As we pack into the sold-out Pleasance Attic and shuffle into seats, soft gothic organ music diffuses from centre-stage. The source is a bearded man in dark glasses dressed like a Victorian vampire hunter sat at a keyboard. Once he (with a number of rude jokes) introduces Norris and Parker, they launch into a vaudevillian piano-backed number riffing on how silly the phrase ‘feminazi’ is. They do the whole song, which is interspersed with hilarious spoken-word segments, in character as satirically authoritarian, SS-style feminists – just in case anyone in the audience wasn’t quite taking their point. It’s at this threshold I realise this show might have been written with specifically me in mind.
Here it should be noted that See You at the Gallows targets a pretty specific audience. There’s a certain level of immersion in Norris and Parker’s influences that may be required, and not everyone is going to quite get it. It’s not that there’s huge amounts of obscure referencing, but rather just that you need to be on their haunted wavelength, because they have no intention of changing to yours. Fans of macabre, mordant satire, Victorian London, and cat suits will love it.
Norris and Parker themselves are a joy to watch, and the intimacy of the venue ensures no-one’s left squinting or struggling to see. On the subject of intimacy, both performers are absolutely fearless with the audience, delighting particularly in making male members (in both senses) feel uncomfortable for everyone else’s amusement. The guy they made dress up as Heathcliff I feel particularly sorry for, though I’m not sure he feels the same.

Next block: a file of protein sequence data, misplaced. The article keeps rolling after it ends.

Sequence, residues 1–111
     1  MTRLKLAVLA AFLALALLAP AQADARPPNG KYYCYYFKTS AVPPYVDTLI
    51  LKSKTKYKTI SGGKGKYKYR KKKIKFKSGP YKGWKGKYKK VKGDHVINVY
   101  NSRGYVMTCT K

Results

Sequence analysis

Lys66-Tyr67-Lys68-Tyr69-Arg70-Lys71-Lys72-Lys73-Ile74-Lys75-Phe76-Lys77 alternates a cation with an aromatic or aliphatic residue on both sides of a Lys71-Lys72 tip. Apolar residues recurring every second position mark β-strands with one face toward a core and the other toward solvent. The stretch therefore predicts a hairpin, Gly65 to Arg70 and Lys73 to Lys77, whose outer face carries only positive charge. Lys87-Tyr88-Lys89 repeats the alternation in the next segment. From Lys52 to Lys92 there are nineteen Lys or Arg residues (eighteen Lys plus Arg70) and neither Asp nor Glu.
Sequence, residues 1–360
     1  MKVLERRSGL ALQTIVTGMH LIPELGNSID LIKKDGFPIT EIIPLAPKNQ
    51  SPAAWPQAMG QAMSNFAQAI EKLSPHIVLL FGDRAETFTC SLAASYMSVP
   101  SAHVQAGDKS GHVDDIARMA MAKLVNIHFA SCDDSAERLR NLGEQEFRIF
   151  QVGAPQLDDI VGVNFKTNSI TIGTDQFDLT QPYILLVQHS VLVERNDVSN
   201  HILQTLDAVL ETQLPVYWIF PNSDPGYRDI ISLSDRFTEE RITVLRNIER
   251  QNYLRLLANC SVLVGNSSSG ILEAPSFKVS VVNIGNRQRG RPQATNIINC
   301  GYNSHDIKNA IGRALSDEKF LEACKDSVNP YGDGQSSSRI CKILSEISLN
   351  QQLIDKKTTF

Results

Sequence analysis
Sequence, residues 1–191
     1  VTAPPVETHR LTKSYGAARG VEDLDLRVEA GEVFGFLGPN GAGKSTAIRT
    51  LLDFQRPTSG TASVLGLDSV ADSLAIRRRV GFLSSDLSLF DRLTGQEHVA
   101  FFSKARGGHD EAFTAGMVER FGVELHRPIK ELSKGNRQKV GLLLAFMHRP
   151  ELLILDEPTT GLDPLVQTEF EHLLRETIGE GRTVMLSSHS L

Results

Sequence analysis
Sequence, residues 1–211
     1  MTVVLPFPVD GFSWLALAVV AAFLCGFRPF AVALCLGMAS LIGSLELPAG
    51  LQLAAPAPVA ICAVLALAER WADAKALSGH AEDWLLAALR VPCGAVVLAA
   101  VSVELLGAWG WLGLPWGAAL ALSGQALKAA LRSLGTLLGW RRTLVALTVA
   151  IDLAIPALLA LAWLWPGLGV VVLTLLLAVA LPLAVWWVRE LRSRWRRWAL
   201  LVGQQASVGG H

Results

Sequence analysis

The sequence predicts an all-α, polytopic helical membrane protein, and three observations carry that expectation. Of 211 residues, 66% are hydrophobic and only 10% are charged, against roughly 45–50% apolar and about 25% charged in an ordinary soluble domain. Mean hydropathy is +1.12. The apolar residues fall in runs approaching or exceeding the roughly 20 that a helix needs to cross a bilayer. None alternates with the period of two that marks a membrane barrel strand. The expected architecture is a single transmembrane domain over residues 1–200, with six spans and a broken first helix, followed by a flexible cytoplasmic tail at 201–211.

The pianist Christof – I don’t know if that’s his real name – is not to be dismissed either, providing morbid backing music and unexpected laughs throughout. He’s particularly impressive during the several musical numbers, which are impressive in themselves. Norris has a wonderful singing voice, and huge range, whilst Parker – a strong singer herself – deals mostly in wild, overstated physical comedy.
While Christof takes the role of backbone, the duo of Norris and Parker use their inherent chemistry to their advantage to front out every sketch. They are both great impressionists, and there’s one male character Norris plays that’s so spot on the only thing breaking the illusion is the skin-tight cat-suit visible under his tasteless leather jacket. Parker also has a stand-out impression but I’d hang myself from a gallows before even beginning to spoil it.
Jolly and macabre tunes, grisly and rude humour, and an unmistakable air of cabaret make this a must-see for any self-respecting goth. Wear black, and enjoy with fatalistic whimsy.
★★★★ and a half